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Here is problem:

$$\lim_{x \to \infty} \left(\sqrt{x^2+2x+3} -\sqrt{x^2+3}\right)^x$$

The solution I presented in the picture below was made by a Mathematics Teacher

enter image description here

I tried to solve this Limit without using derivative (L'hospital) and Big O notation. Although I get the answer, I don't know if the technique I'm using definitely correct.

And here is my method:

$$\begin{align*}\lim_{x \to \infty} \left(\sqrt{x^2+2x+3} -\sqrt{x^2+3}\right)^x&=\lim_{x \to \infty} \left(\frac {2x}{\sqrt{x^2+2x+3} +\sqrt{x^2+3}}\right)^x\\&=\lim_{x \to \infty}\frac{1}{ \left(\frac {\sqrt{x^2+2x+3} +\sqrt{x^2+3}}{2x}\right)^x}\end{align*}$$

Then, I define a new function here

$$y(x)=\sqrt{x^2+2x+3} +\sqrt{x^2+3}-2x-1$$

We have

$$\begin{align*} \lim _{x\to\infty} y(x)&=\lim_{x \to \infty}\sqrt{x^2+2x+3} +\sqrt{x^2+3}-2x-1\\ &=\lim_{x \to \infty}(\sqrt{x^2+2x+3}-(x+1))+(\sqrt{x^2+3}-x)\\ &=\lim_{x \to \infty}\frac{2}{\sqrt{x^2+2x+3}+x+1}+ \lim_{x \to \infty}\frac{3}{\sqrt{x^2+3}+x}\\ &=0. \end{align*}$$

This implies that $$\lim_{x \to \infty}\frac{2x}{y(x)+1}=\infty $$

Therefore,

$$\begin{align*} \lim_{x \to \infty}\frac{1}{ \left(\frac {\sqrt{x^2+2x+3} +\sqrt{x^2+3}}{2x}\right)^x}&=\lim_{x \to\infty} \frac{1}{ \left(\frac{y(x)+2x+1}{2x} \right)^x}\\ &=\lim_{x \to\infty} \frac{1}{ \left(1+\frac{y(x)+1}{2x} \right)^x}\\ &=\lim_{x \to \infty}\frac{1}{\left( \left( 1+\frac{1}{\frac{2x}{y(x)+1}}\right)^{\frac{2x}{y(x)+1}}\right)^{\frac{y(x)+1}{2}}}\\ & \end{align*}$$

Here, we define two functions: $$f(x)=\left( 1+\frac{1}{\frac{2x}{y(x)+1}}\right)^{\frac{2x}{y(x)+1}},\quad g(x)=\frac{y(x)+1}{2}. $$

We deduce that, $$ \lim_{x\to\infty} f(x)=e>0,\quad \lim_{x\to\infty} g(x)=\frac 12>0. $$ Thus, the limit $\lim_{x\to\infty} f(x)^{g(x)} $ exists and is finite.

Finally we get,

$$\begin{align*} \lim_{x \to \infty}\frac{1}{\left( \left( 1+\frac{1}{\frac{2x}{y(x)+1}}\right)^{\frac{2x}{y(x)+1}}\right)^{\frac{y(x)+1}{2}}} &=\frac{1}{\lim_{x \to \infty}\left( \left( \left( 1+\frac{1}{\frac{2x}{y(x)+1}}\right)^{\frac{2x}{y(x)+1}}\right)^{\frac{y(x)+1}{2}}\right)}\\ &=\frac{1}{\left(\lim_{x\to\infty} \left( 1+\frac{1}{\frac{2x}{y(x)+1}} \right)^{\frac{2x}{y(x)+1}}\right)^{ \lim_{x\to\infty} \frac{y(x)+1}{2}}}\\ &=\frac {1}{e^{\frac12}}=\frac{\sqrt e}{e}.\\&& \end{align*}$$

Is the method I use correct?

I have received criticisms against my work. What can I do to make the method I use, rigorous? What are the points I missed in the method?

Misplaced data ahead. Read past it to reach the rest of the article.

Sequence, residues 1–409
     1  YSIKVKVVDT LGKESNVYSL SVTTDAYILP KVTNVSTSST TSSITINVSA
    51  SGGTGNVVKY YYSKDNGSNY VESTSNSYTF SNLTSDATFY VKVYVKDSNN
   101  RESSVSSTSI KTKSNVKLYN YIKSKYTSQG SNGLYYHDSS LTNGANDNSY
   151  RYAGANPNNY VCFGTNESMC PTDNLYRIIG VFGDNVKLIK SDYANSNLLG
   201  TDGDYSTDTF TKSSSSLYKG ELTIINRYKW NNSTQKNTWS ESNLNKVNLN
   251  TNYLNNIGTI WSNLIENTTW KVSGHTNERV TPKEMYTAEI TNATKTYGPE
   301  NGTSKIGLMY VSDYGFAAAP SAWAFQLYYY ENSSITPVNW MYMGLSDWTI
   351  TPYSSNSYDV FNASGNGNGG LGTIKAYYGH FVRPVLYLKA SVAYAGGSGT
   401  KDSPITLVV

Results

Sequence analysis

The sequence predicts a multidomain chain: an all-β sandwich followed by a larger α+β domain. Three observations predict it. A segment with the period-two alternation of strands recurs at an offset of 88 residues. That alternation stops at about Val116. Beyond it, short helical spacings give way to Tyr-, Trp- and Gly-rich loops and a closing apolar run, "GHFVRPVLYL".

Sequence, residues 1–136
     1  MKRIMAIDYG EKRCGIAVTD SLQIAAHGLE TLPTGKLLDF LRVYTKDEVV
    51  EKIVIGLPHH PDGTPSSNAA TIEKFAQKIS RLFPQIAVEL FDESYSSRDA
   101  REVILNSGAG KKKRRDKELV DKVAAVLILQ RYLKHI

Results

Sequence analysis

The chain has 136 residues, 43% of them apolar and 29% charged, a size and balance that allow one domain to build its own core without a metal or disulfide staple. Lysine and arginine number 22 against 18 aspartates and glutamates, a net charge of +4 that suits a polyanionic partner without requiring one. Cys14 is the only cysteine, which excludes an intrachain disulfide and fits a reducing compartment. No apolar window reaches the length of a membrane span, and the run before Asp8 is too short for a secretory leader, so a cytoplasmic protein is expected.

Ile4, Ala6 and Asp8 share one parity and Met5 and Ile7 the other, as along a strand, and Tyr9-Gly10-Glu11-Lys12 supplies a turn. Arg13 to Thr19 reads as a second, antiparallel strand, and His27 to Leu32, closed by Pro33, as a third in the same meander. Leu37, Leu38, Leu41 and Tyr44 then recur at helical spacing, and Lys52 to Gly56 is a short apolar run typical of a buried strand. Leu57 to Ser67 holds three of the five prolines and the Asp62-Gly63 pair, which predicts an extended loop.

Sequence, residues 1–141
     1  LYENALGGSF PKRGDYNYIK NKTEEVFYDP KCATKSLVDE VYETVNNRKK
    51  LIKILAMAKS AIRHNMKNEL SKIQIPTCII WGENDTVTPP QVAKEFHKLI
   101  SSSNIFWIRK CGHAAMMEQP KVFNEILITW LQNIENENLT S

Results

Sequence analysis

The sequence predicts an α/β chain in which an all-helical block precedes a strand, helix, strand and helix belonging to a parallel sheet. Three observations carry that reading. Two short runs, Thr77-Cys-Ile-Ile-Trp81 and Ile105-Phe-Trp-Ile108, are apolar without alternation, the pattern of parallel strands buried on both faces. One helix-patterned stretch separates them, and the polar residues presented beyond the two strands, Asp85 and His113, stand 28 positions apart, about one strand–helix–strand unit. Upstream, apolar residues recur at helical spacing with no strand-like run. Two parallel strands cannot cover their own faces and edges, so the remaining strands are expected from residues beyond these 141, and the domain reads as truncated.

Thank you!

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    $\begingroup$ @DMcMor Thank you for edit my bad $\LaTeX$ $\endgroup$ – lone student Apr 12 '19 at 22:10
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    $\begingroup$ Honestly your TeX was pretty good! I just aligned the equations to make it a bit easier to see. $\endgroup$ – DMcMor Apr 12 '19 at 22:13
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    $\begingroup$ I'm also a BlackPenRedPen fan! (or is it BlackPenRedPenBluePen?) $\endgroup$ – Toby Mak Apr 13 '19 at 10:57
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    $\begingroup$ $x^y$ is continuous near $\left(e,\frac12\right)$; thus, $\lim\limits_{x\to\infty}f(x)^{g(x)}=\lim\limits_{x\to\infty}f(x)^{\lim\limits_{x\to\infty}g(x)}$ when $\lim\limits_{x\to\infty}f(x)=e$ and $\lim\limits_{x\to\infty}g(x)=\frac12$ $\endgroup$ – robjohn Apr 24 '19 at 9:59
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    $\begingroup$ No. By using the fact that $x^y$ is continuous at this point, it makes your argument rigorous. $\endgroup$ – robjohn Apr 24 '19 at 10:19
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Your math looks good! I'd maybe just an extra step here and there to make it clear what your doing. Things like showing that you're multiplying by conjugates and maybe a change of variables, say $$z = \frac{2x}{y(x)+1},$$ near the end so it's a bit clearer where the $e$ comes from. Otherwise everything looks good! This is a tricky limit, I really like your solution.

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The solution appears to be correct. Just for the sake of sanity, here's a different argument, based on the idea that knowing derivatives is knowing many limits.

First, find the limit of the logarithm of the beast, which is best treated also with the substitution $x=1/t$, which makes us trying to find $$ \lim_{t\to0^+}\frac{1}{t}\log\left(\frac{\sqrt{1+2t+3t^2}-\sqrt{1+3t^2}}{t}\right) = \lim_{t\to0^+}\frac{1}{t}\log\left(\frac{2}{\sqrt{1+2t+3t^2}+\sqrt{1+3t^2}}\right) $$ This can be rewritten as $$ \lim_{t\to0^+}-\frac{\log\bigl(\sqrt{1+2t+3t^2}+\sqrt{1+3t^2}\,\bigr)-\log2}{t} $$ which is the negative of the derivative at $0$ of $$ f(t)=\log\bigl(\sqrt{1+2t+3t^2}+\sqrt{1+3t^2}\,\bigr) $$ Since $$ f'(t)=\frac{1}{\sqrt{1+2t+3t^2}+\sqrt{1+3t^2}}\left(\frac{1+3t}{\sqrt{1+2t+3t^2}}+\frac{3t}{\sqrt{1+3t^2}}\right) $$ we have $f'(0)=1/2$ and therefore the limit is $-1/2$, so your given limit $$ e^{-1/2} $$

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Your approach is correct but its presentation / application is more complicated than needed here.